All is foreseen, and freedom of choice is granted.

Ethics of the Fathers, 3:15


Throughout the generations, many of our sages have expounded on these two cornerstones of Jewish faith: G‑d's all-encompassing and all-pervading knowledge, and the freedom of choice He granted to man. Much has also been written on the apparent contradiction between the two: if there are no limits to G‑d's knowledge, how can man have real choice in his life? If G‑d "already" knows what I will do tomorrow, is not my freedom to choose anything more than an illusion?

Maimonides writes:

"Freedom of choice has been granted to every man.... This concept is a fundamental principle and a pillar of the Torah and its commandments. As it is written: `See, I have set before you life [and good, and death and evil]' ... to say: the choice is in your hands.... For were G‑d to decree that a person be righteous or wicked, or if there were to exist something in the very essence of a person's nature which would compel him toward a specific path, a specific conviction, a specific character trait or a specific could G‑d command us through the prophets `do this' and `do not do this,' `improve your ways' and `do not follow your wickedness'...? What place would the entire Torah have? And by what measure of justice would G‑d punish the wicked and reward the righteous...?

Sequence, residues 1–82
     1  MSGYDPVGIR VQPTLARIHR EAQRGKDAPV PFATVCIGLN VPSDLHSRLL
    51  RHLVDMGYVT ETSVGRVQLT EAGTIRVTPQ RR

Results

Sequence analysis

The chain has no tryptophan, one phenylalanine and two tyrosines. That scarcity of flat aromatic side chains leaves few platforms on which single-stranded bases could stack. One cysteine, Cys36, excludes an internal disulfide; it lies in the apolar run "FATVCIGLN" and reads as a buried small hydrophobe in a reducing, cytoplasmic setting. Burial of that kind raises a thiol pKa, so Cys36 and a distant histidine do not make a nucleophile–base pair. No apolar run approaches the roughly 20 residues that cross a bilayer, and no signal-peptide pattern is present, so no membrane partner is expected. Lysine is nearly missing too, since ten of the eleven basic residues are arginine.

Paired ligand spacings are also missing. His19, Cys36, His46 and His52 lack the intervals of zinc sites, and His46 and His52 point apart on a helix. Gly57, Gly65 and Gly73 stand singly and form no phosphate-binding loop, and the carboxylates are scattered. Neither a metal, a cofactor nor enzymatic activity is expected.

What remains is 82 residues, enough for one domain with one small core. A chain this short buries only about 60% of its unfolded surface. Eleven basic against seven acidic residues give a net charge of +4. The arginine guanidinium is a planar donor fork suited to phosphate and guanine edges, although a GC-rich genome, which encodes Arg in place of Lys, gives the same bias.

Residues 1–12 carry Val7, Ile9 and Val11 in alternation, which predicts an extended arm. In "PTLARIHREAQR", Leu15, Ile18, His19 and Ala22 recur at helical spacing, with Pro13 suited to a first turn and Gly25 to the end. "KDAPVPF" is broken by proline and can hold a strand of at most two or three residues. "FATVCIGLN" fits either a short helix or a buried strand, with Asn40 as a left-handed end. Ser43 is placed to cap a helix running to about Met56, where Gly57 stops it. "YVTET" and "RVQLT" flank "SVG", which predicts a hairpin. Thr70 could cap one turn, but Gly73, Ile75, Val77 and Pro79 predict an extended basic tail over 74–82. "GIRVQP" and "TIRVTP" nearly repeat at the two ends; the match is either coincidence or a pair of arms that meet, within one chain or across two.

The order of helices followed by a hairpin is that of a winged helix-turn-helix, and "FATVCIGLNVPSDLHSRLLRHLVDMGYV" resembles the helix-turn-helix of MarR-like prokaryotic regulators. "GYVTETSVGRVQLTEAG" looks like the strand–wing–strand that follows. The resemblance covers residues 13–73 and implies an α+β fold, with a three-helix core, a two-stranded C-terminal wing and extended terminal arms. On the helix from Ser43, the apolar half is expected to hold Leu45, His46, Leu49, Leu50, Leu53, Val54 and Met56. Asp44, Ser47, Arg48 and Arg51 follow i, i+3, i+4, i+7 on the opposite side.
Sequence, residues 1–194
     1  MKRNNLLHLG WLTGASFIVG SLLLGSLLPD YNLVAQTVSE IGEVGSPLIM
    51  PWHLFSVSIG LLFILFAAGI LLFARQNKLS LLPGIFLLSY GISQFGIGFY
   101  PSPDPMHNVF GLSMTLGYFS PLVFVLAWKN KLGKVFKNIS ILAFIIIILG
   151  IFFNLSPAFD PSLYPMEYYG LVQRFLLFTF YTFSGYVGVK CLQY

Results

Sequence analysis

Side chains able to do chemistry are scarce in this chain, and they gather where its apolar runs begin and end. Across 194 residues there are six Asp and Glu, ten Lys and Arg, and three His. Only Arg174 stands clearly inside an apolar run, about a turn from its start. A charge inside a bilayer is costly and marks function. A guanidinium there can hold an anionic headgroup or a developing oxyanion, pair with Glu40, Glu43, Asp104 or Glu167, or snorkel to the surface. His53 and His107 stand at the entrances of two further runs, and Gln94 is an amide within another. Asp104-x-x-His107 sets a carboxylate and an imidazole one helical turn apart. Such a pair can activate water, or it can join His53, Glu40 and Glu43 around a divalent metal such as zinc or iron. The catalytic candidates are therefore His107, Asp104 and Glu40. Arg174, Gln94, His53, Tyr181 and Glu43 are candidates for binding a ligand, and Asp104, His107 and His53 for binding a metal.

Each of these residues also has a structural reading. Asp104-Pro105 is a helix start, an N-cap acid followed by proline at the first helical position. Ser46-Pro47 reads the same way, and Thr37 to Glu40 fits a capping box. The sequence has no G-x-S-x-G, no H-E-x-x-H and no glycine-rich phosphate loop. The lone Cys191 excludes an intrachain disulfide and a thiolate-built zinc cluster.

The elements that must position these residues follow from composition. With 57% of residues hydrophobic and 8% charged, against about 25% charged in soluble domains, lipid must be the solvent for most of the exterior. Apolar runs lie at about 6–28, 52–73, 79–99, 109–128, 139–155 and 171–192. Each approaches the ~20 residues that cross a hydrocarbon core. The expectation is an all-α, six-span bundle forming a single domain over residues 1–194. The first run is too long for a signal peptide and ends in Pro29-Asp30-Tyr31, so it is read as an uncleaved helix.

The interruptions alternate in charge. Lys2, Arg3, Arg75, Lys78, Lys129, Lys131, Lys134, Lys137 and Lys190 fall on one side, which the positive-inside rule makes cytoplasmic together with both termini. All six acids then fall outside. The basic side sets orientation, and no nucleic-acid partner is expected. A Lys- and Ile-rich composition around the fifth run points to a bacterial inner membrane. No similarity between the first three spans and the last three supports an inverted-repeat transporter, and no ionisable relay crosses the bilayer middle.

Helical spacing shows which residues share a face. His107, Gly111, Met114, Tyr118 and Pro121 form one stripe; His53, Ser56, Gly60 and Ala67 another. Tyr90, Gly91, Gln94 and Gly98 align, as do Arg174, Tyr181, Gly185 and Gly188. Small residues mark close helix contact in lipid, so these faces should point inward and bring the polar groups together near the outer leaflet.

"One may ask: `G‑d, of course, knows all that will transpire. Now, before a particular deed was done, did G‑d know whether the person will be righteous or wicked, or did He not know? If He knew that the person would be righteous, then it was not possible for that person not to be so. And if you say that He knew that the person would be righteous, but it was also possible that he might be wicked, than G‑d's knowledge was not complete!' Know that the answer to this question `longer than the land is its measure and broader than the sea,' and that many great foundations and lofty mountains hang upon it. But understand well what I am going to say. We have already explained in the second chapter of `The Laws of the Torah's Foundations' that G‑d does not know with a `mind' that is distinct from His being, as is the case with man whose being and mind are two distinct entities. Rather, He and His `mind' are one and the same - a concept that is impossible for the human mind to fully comprehend. Thus, just as man cannot discover and grasp the truth of the Creator, as it is written `no man can perceive Me and live,' so, too, man cannot discover and grasp the `mind' of the Creator. In the words of the prophet, `My thoughts are not as your thoughts, nor are your ways as my My ways.' Therefore, we lack the capacity to know the nature of G‑d's knowledge of all creations and all events. But this we know without doubt: that the deeds of man are in his hands, and G‑d does not compel him to do anything...."